News / Science & Technology

Major Solar Storm Could Be Heading for Earth

In a Coronal Mass Ejection (CME) solar material streaks out through the interplanetary medium, impacting any planet or spacecraft in its path. (NOAA)
In a Coronal Mass Ejection (CME) solar material streaks out through the interplanetary medium, impacting any planet or spacecraft in its path. (NOAA)
Rosanne Skirble
With the sun nearing the peak of its 11-year cycle, scientists say a powerful solar storm may be headed our way, which could shut down electricity supply networks and disorient GPS and satellite systems.

The worst known geomagnetic solar storm hit Earth in 1859, observed and sketched by astronomer Richard Carrington. The Carrington event upset global telegraph communications. Surprised operators watched sparks fly from telegraph lines and set telegraph paper on fire. 

While not nearly as powerful, other storms in history have cut power, knocked out telephone service, short-circuited satellites and caused radio blackouts.  

Major solar storm overdue

The Earth is overdue for another Carrington-like storm, according to a new report released by Lloyd’s of London, the world oldest insurance market. 

Major Solar Storm Could Be Heading for Earth
Major Solar Storm Could Be Heading for Earthi
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Co-author Neil Smith says it could be even more devastating, given the worldwide dependence on electric power supply grids. 

“We are estimating that 20-40 million people might be without power from anywhere up to one, even two years," he said. "That has to do with the critical issue of replacement transformers. That number of people without power could result in an economic cost somewhere between $0.6 trillion to $2.6 trillion.”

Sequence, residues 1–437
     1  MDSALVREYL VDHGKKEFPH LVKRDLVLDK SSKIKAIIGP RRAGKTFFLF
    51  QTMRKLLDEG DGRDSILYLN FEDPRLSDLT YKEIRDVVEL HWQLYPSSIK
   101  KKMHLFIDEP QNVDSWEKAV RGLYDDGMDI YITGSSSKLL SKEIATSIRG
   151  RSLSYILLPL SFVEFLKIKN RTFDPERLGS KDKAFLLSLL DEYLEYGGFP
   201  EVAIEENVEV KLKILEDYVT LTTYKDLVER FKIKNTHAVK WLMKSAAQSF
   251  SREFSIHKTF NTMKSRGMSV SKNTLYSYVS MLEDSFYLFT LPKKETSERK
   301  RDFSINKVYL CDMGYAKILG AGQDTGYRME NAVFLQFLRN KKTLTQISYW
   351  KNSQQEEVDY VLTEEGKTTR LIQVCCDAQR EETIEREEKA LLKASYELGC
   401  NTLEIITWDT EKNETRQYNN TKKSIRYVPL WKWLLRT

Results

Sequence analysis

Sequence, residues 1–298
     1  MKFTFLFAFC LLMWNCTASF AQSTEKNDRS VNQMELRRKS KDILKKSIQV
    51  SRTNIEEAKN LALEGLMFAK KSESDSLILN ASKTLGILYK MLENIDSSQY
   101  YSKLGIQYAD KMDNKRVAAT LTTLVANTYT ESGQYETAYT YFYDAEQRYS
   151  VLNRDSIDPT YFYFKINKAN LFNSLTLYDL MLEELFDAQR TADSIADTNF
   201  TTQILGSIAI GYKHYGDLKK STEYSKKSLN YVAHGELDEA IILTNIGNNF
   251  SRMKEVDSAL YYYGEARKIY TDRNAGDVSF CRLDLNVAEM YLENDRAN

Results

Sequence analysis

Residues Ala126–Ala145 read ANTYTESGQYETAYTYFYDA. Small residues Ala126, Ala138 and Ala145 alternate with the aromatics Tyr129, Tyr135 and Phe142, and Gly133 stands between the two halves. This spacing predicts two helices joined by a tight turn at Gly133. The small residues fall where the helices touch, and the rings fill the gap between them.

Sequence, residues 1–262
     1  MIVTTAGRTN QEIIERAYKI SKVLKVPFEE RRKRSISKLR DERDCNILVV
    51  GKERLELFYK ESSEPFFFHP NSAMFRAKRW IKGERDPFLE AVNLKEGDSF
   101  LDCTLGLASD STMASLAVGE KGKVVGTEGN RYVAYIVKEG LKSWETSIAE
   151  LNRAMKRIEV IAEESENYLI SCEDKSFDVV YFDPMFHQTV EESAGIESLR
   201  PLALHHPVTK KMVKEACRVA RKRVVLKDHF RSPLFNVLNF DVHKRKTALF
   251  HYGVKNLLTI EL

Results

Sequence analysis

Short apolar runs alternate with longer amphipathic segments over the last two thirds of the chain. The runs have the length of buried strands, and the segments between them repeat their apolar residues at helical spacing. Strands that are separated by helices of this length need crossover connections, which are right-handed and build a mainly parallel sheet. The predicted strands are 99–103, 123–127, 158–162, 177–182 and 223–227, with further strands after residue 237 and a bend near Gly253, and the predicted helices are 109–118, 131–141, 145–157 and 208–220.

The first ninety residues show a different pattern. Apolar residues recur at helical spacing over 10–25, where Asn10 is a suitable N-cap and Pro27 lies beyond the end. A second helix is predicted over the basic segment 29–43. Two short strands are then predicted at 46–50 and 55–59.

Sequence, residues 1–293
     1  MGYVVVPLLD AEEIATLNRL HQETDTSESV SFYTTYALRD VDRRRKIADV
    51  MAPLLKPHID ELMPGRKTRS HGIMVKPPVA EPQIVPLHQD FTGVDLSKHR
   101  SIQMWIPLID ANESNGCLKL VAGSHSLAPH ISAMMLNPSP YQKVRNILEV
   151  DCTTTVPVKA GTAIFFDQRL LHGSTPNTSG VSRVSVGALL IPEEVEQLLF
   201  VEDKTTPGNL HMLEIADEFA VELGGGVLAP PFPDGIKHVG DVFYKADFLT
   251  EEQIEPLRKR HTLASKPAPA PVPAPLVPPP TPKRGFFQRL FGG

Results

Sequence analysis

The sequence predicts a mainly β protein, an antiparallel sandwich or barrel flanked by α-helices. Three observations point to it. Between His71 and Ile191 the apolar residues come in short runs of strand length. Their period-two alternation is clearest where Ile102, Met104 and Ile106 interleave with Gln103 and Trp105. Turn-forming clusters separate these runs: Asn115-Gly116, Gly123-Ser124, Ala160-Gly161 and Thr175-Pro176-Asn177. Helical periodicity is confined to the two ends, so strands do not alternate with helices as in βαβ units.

• Solar flares are intense, short-lived releases of energy. (Photo: NOAA Space Weather Prediction Center)
  • In a Coronal Mass Ejection (CME) solar material streaks out through the interplanetary medium, impacting any planet or spacecraft in its path. They are sometimes associated with flares, but usually occur independently. (Photo: NOAA Space Weather Prediction Center)
  • The sun from maximum to minimum. (Photo: NOAA Space Weather Prediction Center)
  • A coronal hole on the sun, seen here in dark blue, is an area of the sun's atmosphere, the corona, where the magnetic field opens up and the material flows quickly out. (Photo: NOAA Space Weather Prediction Center)
  • The sun erupting with a CME traveling at over 900 miles per second. (Photo: ESA & NASA/SOHO)
  • Sunspots sketched by Richard Carrington on Sept. 1, 1859. (Credit: NASA/Royal Astronomical Society)
  • GOES or Geosynchronous Orbit Satellite solar X-ray image from July 19, 2013. GOES continuously monitors the Earth’s surface. (Photo: NOAA Space Weather Prediction Center)
  • Astronauts, pilots and airline personnel are at risk from solar radiation depending on how much time they are in space and over Polar Regions. (Photo: NASA)
  • Solar storms can seriously damage power grid transformers. (Credit: NOAA Space Weather Prediction Center)
  • Auroras over Alaska. (Photo: Daryl Pederson)
  • Night lights from the International Space Station show cities of Ireland and the United Kingdom in the foreground contrasted by the bright sunrise in the background. The greens and purples of the Aurora Borealis are seen along the rest of the horizon.
  • Loops, flares and eruptions on particularly active day on the sun. (Credit: NASA/Solar Dynamics Observatory)

The focus of the report is North America.  Smith says the continent’s geologic features and aging infrastructure put it at high risk for bad solar weather. The power grid, satellites, aircraft communications, astronauts and oil pipelines are particularly vulnerable. “If there was a big solar flare, it could of course knock out a whole lot of transformers.”

Improved computer models

Michael Wiltberger, a scientist at the High Altitude Observatory of the National Center for Atmospheric Research in Boulder, Colorado, builds models to track the sun cycle, ultimately to better predict solar weather.